US crude oil last week
WTI (West Texas Intermediate) crude oil May futures closed at $52.24 per barrel on April 7, 2017—a 1% rise from the previous trading session. May futures for US crude oil (USO) (USL) (OIIL) (DBO) rose 3.2% in the week ending April 7.
In the same week, the Energy Select Sector SPDR ETF (XLE) rose 0.7%, while the S&P 500 Index (SPY) (IWM) (SPX-INDEX) fell 0.3%. The Dow Jones Industrial Average (DIA) (DJIA-INDEX) didn’t change. Energy accounts for 6.6% of the S&P 500 Index and 6.4% of the Dow Jones Industrial Average Index.
The S&P 400 Midcap 400 Index (IVOO) (MID-INDEX), which has 3.4% exposure to the energy sector, fell ~0.3% during this period. The FTSE 100 Index (UKX-INDEX) (EWU) fell 0.4%, while the CAC 40 Index (PX1-INDEX) (EWQ) rose 0.2% during this period. Oil and gas companies account for 14.1% of the FTSE 100 Index and 11.6% of the CAC 40 Index. Movements in crude oil can drive broader equity markets.
Last week, geopolitical tensions arising from the US missile strike on Syria and motor gasoline inventories falling by 0.6 MMbbls (million barrels) contributed to gains in crude oil prices. Higher US refinery capacity utilization in the previous week also supported oil’s rally.
However, US crude oil inventories reached a record of ~535.5 MMbbls in the week ending March 31, 2017, according to EIA (U.S. Energy Information Administration) data released on April 5, 2017. Oil rigs rose to 672 for the week ending April 7, 2017—the highest since September 4, 2015. In the 20 weeks since OPEC’s production cut deal in November 2016, the US added oil rigs on 19 occasions. Rising oil rigs and rig efficiency could have a negative impact on crude oil prices.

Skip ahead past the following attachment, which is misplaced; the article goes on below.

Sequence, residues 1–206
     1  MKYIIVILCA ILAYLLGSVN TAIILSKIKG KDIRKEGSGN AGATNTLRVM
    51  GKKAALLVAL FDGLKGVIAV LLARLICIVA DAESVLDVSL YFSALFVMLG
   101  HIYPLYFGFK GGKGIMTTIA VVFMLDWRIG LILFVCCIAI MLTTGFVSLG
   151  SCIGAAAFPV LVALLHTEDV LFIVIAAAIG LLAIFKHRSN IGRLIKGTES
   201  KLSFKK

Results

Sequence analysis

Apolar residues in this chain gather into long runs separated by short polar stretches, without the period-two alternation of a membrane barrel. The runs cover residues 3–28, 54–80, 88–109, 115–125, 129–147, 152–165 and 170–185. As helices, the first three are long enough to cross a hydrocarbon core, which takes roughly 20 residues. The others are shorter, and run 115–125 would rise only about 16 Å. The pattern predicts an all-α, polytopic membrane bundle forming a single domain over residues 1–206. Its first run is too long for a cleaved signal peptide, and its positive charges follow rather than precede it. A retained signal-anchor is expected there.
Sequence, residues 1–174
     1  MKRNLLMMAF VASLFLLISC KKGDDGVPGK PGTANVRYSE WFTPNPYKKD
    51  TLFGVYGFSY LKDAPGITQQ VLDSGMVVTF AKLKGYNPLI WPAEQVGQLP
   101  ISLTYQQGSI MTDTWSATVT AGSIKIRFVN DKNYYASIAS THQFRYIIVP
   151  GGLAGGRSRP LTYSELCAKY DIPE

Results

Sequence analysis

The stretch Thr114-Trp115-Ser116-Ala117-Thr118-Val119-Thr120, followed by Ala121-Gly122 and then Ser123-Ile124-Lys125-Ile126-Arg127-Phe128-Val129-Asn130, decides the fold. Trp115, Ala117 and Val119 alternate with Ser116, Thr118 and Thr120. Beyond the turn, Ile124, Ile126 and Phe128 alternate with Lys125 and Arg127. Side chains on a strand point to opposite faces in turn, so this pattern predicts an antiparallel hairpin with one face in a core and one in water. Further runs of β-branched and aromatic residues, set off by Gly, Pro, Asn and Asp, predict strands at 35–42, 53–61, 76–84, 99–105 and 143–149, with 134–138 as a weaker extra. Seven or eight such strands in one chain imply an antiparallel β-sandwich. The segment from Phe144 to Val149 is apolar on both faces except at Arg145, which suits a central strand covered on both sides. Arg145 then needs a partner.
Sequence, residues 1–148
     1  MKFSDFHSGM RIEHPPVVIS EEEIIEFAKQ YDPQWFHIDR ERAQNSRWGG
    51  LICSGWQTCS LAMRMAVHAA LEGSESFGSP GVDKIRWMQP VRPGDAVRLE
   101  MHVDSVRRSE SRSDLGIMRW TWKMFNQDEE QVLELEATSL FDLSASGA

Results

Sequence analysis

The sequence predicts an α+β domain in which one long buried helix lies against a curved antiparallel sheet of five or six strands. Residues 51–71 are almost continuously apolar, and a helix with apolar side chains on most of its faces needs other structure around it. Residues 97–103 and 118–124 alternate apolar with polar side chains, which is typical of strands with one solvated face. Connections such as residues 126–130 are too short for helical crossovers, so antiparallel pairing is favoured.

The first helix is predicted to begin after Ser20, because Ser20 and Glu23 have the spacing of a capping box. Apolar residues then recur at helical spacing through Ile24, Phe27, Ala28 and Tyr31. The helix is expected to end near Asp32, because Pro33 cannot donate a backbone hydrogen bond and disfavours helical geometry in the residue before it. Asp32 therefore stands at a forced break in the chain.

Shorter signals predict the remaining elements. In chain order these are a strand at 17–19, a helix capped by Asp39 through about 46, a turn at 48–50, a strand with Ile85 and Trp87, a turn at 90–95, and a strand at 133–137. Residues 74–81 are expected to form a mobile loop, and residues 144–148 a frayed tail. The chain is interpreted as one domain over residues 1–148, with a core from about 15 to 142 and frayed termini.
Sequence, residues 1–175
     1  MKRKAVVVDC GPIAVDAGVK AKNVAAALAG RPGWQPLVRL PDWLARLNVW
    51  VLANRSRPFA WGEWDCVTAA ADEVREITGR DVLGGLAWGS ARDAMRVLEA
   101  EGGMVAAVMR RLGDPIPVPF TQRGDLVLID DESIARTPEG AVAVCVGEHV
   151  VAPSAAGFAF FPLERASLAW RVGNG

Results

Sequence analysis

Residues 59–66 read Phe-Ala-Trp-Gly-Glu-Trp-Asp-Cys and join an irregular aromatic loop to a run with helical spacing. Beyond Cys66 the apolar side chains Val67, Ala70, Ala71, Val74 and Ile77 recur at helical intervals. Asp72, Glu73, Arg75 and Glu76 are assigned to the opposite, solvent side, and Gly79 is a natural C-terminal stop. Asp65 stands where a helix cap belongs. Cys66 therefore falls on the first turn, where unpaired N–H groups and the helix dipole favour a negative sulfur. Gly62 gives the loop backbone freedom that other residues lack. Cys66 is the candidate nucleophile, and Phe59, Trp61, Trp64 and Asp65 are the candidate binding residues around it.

Since OPEC’s production cut deal in November 2016, US oil production has risen by ~0.5 million barrels per day, which is ~42% of OPEC’s pledged production cuts, according to weekly EIA production data.
Natural gas (UNG) (BOIL) May futures rose 2.2% in the week ending April 7, 2017. They closed at $3.26 per million British thermal units on April 7—a fall of 2.1% from the previous trading session due to warmer weather forecasts. Rising US oil rigs and natural gas rigs could also have a negative impact on natural gas prices. Natural gas rigs rose to 165 for the week ending April 7, 2017—the highest since December 25, 2015.
Crude oil is an important driver for energy ETFs. Crude oil and natural gas sentiments impact ETFs and ETNs such as the PowerShares DWA Energy Momentum ETF (PXI), the iShares US Oil Equipment & Services (IEZ), the Fidelity MSCI Energy ETF (FENY), and the ProShares UltraShort Bloomberg Crude Oil (SCO).
In the next part of this series, we’ll see how economic data and the US dollar could impact crude oil and natural gas prices.